For example; Thou shall not steal. I was Five or six years old when I took that can of cashews from the local corner store one beautiful spring day. Only took about 10 minutes to eat the entire can (they were sooo good). An hour or two later I got sick to my stomach really bad and went up to my room. Around the same time(could have been days later but not much later). My grandfather stood at the top of the stairs and said to his wife “I think I am going to be sick” and his liver exploded (from cirrhosis) and he bled out of every orifice in his body as he fell down the steps. It was later that week that I met dad and life kinda changed a little. Maybe if? I know that ridiculous but…..
@crazyivan The whole Crowley quote is “Do as thou wilt shall be the whole of the law: Love under Law, Love under Will.” I take this to mean that Love (for one’s fellow human beings and for the world as a whole) should be the foundation of the will, and act as a framework for the Law (moral code).
I generally just try to always be honest… whether that means offending people or not is a different matter, and one that I don’t care about. Also, in a school with a bunch of silly little 12-year-olds always pestering people for months about “do you fancy so-and-so”, it’s quite nice and refreshing to say, as soon as they ask you, “yes, I do like Emily, what difference does that make?”. Honesty is the best policy, especially in cases like that.
I’m not religious at all, but I do believe in the golden rule. Do unto others as you would have them do unto you. For me, that means; I do not kill, I do not steal, I do not lie, I do not cheat and, unless asked, I do not tell others how they should live their life. I will help my fellow man whenever possible even if that means paying higher taxes to ensure public health and well-being. I will always work toward the greater good. As long as people make an attempt to respect my personal beliefs, I will respond in kind. If anyone chooses not to respect my beliefs or if they insist on projecting their political views or their own morality onto me, I will respond in kind. I will never start a fight and I will never run from one, and if I am provoked, I will most definitely finish it.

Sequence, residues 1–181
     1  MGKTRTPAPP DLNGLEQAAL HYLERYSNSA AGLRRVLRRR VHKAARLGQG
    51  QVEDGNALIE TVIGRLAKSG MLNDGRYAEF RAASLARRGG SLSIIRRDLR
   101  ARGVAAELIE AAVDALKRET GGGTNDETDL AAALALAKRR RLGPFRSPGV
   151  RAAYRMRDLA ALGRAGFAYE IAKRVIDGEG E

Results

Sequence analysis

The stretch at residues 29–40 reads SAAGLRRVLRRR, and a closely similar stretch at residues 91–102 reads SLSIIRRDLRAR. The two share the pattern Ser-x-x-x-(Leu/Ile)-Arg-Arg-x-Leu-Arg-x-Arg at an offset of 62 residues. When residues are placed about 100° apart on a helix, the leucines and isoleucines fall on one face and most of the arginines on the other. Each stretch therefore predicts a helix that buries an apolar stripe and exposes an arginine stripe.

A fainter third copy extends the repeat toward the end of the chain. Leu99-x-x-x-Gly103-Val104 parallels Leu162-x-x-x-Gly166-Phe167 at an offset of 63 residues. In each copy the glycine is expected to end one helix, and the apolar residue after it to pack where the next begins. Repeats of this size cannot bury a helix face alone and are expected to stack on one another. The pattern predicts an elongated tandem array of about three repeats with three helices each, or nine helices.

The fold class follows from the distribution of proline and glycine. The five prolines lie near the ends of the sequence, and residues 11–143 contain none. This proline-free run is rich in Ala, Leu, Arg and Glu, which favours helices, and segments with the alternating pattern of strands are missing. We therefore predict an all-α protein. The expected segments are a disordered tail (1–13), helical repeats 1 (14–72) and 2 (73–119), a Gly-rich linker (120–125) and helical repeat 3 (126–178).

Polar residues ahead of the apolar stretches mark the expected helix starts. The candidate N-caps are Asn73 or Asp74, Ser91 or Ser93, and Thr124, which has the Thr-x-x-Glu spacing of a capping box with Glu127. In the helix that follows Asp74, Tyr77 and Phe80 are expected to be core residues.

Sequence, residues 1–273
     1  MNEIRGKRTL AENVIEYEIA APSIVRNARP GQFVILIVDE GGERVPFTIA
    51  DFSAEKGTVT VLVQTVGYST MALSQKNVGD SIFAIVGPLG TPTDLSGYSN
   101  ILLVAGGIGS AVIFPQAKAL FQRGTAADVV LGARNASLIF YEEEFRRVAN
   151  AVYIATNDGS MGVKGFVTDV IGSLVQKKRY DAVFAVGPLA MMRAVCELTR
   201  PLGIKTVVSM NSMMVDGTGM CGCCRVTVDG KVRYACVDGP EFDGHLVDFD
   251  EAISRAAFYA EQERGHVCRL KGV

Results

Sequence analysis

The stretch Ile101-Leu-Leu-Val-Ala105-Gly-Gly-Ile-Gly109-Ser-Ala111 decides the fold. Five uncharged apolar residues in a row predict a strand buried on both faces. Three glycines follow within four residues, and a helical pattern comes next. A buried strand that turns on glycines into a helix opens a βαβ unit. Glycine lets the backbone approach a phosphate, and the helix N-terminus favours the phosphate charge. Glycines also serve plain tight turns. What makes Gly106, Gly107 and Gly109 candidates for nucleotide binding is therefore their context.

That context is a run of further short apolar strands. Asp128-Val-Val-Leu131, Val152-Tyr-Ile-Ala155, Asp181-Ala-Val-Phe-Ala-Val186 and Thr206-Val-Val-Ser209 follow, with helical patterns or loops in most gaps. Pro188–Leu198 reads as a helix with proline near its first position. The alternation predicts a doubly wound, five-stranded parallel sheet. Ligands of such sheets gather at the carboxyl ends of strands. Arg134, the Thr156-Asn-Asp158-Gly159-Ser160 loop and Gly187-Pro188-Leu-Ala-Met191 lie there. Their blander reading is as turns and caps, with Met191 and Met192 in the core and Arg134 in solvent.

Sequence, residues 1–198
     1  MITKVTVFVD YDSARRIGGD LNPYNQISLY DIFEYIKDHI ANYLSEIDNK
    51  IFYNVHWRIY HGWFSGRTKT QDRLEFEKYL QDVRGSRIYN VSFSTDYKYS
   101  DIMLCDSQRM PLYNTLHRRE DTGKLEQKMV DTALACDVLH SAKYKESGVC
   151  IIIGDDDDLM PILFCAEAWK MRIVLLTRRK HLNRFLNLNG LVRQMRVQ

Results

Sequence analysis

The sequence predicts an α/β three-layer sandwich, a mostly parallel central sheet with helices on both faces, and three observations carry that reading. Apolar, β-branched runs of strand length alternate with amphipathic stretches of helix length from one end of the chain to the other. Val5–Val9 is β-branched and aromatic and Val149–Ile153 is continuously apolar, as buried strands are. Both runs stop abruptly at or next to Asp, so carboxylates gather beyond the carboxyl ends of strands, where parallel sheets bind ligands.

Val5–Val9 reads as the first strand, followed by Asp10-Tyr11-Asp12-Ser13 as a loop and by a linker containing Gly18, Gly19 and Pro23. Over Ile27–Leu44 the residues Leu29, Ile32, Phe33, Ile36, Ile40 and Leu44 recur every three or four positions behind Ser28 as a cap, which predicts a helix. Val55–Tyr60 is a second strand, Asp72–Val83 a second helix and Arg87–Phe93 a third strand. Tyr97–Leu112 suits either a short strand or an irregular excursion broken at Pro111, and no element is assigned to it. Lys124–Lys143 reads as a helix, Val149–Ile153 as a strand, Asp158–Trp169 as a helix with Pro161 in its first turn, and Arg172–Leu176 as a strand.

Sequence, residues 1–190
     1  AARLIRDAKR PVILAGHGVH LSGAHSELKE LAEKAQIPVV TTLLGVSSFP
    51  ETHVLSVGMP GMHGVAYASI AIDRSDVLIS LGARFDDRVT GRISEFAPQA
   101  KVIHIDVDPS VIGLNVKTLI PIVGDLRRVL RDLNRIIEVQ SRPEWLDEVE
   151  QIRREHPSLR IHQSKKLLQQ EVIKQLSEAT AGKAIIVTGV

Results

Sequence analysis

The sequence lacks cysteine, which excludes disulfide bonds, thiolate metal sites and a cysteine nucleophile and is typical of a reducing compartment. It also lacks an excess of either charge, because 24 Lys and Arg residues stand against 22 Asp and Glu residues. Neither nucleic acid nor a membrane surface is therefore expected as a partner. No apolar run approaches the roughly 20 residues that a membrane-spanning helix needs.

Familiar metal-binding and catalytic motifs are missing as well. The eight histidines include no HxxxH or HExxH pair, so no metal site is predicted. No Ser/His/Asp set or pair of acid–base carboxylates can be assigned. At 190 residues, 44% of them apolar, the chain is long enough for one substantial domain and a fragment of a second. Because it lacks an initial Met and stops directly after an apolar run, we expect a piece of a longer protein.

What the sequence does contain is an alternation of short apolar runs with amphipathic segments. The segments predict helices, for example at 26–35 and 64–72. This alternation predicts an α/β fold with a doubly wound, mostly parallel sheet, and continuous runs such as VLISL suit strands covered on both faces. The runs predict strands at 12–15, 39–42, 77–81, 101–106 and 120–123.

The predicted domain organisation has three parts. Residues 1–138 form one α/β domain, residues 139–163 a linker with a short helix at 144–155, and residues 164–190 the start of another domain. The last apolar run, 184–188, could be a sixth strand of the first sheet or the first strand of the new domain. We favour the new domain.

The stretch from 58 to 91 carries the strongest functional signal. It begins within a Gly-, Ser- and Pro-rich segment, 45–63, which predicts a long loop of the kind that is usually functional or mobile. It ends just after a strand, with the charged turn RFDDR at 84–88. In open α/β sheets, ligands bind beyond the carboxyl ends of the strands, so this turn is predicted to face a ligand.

@Rufus_T_Firefly Good point; I used to be Wiccan due to a number of circumstances at the time, and part of the Wiccan Rede was “An ye harm none, do what ye will” which is rather similar to the golden rule you quote above.
I’m a human animal and behave as such. I try to interact with my landbase in such ways as to reinforce the biodiversity and overall health, because otherwise I’m not respecting the other creatures and fulfilling my responsibilities to their communities that I enter into by getting subsistence from them. I’m also living in a culture that makes that hard, since it’s basically based on exploiting humans and non-humans without giving back appropriately, and doesn’t maintain biodiversity. Therefore I simply try not to give any more support to corporations and other groups that exploit humans and non-humans than I need to.
In the end the best morals are the ones that make you feel genuinely good and happy about yourself and that you can live with. If you encounter a hairy situation, deal with it morally, and can sleep at night, you’ve got good morals for yourself.
The end justifies the means, but the passage of time is in itself a series of ends. Therefore any act must have only positive effects to be considered moral, or its negative effects must be insignificant enough that they will not be remembered the next day. A little harm generally outweighs a lot of good.